For a rough-and-tumble political town, the New Britain mayoral election this year seems much less raucous than usual. That may bode well for incumbent Democrat Tim O'Brien.
Mr. O'Brien, 45, is seeking a second term. He is opposed by Republican Erin Stewart, 26, a member of the board of education. Ms. Stewart is a serious and energetic candidate who has brought young people into the process, always a good thing. Mr. O'Brien, however, has initiated or encouraged a remarkable array of sound policy measures, more than enough to merit re-election. We endorse Mr. O'Brien.
Mr. O'Brien served as a city alderman for five years and a state legislator for nine, and that experience shows. His priorities start, as they should, with economic development. New Britain, long known around the world for its hardware products, lost thousands of manufacturing jobs over the years as factories closed or moved. But Mr. O'Brien understood that manufacturing never completely left; there are still scores of mostly small shops and factories in town. By funding job training and school-to-work programs, and seeking new manufacturers, he hopes to rebuild this sector so that it can provide more high-wage jobs and attendant economic activity.
So far, so good. There's an aerospace parts factory under construction that is expected to provide more than 100 jobs, and more expansion in the pipeline. He is also focused on using the new CTfastrak Hartford-to-New Britain busway as a tool for downtown development.
Why Mr. O'Brien?
In education, Mr. O'Brien took the bold and controversial step of bonding a little more than $9 million for school textbooks and classroom equipment. Though he was criticized for this, some schools were using 25-year-old books and it would have taken years to catch up if he had to rely on annual increases in the school budget.
Mr. O'Brien's most controversial measure involved a major upgrade to the city's anti-blight program that would be financed with licensure fees paid by landlords. This brought angry protests from many landlords, some of whom have filed suit against the city. But again, there were a lot of subpar housing units in the city. This program is still being set up, as is another quality-of-life initiative to charge for excessive non-emergency 911 calls — for such things as repeat complaints about loud noise.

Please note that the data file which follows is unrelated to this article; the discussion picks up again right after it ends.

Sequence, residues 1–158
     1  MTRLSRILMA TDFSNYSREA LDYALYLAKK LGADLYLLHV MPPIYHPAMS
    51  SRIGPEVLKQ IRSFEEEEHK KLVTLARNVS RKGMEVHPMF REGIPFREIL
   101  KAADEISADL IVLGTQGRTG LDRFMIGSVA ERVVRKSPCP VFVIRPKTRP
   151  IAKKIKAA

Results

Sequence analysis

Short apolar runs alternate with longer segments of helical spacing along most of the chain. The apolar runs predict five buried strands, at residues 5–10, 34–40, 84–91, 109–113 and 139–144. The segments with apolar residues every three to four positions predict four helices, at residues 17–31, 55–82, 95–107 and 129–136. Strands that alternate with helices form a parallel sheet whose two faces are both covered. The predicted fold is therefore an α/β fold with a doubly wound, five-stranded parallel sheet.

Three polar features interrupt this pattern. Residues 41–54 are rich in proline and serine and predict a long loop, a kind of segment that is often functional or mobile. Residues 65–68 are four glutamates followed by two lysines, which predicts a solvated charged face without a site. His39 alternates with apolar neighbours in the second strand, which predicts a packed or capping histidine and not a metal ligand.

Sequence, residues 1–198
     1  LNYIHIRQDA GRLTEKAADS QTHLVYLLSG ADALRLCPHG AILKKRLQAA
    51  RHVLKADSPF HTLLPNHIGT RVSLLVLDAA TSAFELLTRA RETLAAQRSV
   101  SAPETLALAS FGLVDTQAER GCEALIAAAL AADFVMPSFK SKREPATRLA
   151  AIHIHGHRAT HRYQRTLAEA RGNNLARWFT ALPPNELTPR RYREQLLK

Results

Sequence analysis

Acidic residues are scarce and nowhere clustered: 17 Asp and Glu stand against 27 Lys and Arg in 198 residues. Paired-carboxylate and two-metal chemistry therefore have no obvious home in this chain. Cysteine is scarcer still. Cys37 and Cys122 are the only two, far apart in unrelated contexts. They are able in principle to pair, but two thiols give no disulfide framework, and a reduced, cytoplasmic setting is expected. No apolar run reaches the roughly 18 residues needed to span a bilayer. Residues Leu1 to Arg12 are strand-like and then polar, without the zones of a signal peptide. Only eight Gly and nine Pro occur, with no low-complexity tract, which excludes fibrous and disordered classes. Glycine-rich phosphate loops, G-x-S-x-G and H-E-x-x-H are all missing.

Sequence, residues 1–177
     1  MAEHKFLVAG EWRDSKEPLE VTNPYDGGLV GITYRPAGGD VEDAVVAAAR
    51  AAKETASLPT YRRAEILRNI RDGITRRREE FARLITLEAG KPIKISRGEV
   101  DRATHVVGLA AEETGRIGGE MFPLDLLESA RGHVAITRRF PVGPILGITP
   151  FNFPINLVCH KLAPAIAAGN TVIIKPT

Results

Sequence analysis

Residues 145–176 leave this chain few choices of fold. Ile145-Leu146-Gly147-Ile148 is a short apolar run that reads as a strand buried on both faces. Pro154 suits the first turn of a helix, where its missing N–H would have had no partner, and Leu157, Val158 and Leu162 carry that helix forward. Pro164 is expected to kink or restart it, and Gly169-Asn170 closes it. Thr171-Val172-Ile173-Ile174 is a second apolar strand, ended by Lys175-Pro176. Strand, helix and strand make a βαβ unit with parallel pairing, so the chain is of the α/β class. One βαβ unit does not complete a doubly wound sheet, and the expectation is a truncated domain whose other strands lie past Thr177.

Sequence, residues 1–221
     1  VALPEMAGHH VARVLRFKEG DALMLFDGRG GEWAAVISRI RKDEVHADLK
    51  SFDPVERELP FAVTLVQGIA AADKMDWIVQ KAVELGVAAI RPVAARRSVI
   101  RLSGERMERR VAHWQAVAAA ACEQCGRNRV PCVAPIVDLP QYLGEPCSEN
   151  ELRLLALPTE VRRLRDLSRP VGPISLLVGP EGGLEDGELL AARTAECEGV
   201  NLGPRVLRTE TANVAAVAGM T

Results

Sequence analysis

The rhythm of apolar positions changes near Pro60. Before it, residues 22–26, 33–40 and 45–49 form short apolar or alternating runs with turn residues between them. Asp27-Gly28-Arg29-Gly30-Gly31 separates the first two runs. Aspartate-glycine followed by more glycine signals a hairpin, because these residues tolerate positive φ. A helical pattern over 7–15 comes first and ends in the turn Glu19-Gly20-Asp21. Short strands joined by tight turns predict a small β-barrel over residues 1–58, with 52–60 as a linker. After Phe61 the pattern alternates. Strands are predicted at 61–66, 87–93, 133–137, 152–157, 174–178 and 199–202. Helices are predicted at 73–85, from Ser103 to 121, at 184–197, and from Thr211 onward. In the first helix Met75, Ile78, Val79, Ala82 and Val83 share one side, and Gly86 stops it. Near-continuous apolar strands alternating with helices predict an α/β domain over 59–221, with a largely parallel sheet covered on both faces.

In addition, Mr. O'Brien is reorganizing city government, improving neighborhood parks, paving roads and rebuilding sidewalks. Indeed, a few have complained that he is spread too thin.
Other complaints about the mayor include such things as not communicating enough, not being transparent enough, having a strained relationship with the press at times.
He is learning to make the transition from legislator to executive, and has earned the right to keep at it.
Why Not Ms. Stewart?
Erin Stewart is the daughter of former Mayor Tim Stewart, so she knows her way around New Britain politics. She's served on boards and commissions since being appointed to the youth and families services board a decade ago, at age 16.
She has a degree in public administration from Central Connecticut State University and works as a legislative aide at the Capitol.
She attacks some of Mr. O'Brien's agenda, saying, for example, that his reorganization of city government is flawed. Her own agenda tends toward generalities — bringing people together, bringing trust back to city hall, highlighting the good about New Britain. Asked about economic development, her first response was to publicize job openings. That's a good step, to be sure, but it doesn't have the depth or vision of Mr. O'Brien's campaign to increase manufacturing.
Some have portrayed Ms. Stewart as the "kinder, gentler Stewart," a stalking horse for her father, the four-term mayor. That is unfair. She is her own person; she has the ability to run the city if elected, and may well be a star of the future if she stays with it.
But this year, we think Mr. O'Brien is the better choice.